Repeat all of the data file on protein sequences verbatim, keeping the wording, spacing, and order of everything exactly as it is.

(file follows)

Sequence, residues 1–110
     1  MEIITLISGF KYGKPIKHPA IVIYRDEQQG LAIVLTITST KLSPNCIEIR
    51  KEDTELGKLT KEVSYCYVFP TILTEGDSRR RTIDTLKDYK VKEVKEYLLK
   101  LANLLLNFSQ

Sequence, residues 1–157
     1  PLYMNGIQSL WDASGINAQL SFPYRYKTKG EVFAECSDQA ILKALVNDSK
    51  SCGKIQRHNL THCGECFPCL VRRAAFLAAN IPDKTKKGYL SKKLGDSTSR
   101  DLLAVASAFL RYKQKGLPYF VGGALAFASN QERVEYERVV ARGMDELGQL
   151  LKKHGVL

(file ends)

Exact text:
Sequence, residues 1–110
     1  MEIITLISGF KYGKPIKHPA IVIYRDEQQG LAIVLTITST KLSPNCIEIR
    51  KEDTELGKLT KEVSYCYVFP TILTEGDSRR RTIDTLKDYK VKEVKEYLLK
   101  LANLLLNFSQ

Sequence, residues 1–157
     1  PLYMNGIQSL WDASGINAQL SFPYRYKTKG EVFAECSDQA ILKALVNDSK
    51  SCGKIQRHNL THCGECFPCL VRRAAFLAAN IPDKTKKGYL SKKLGDSTSR
   101  DLLAVASAFL RYKQKGLPYF VGGALAFASN QERVEYERVV ARGMDELGQL
   151  LKKHGVL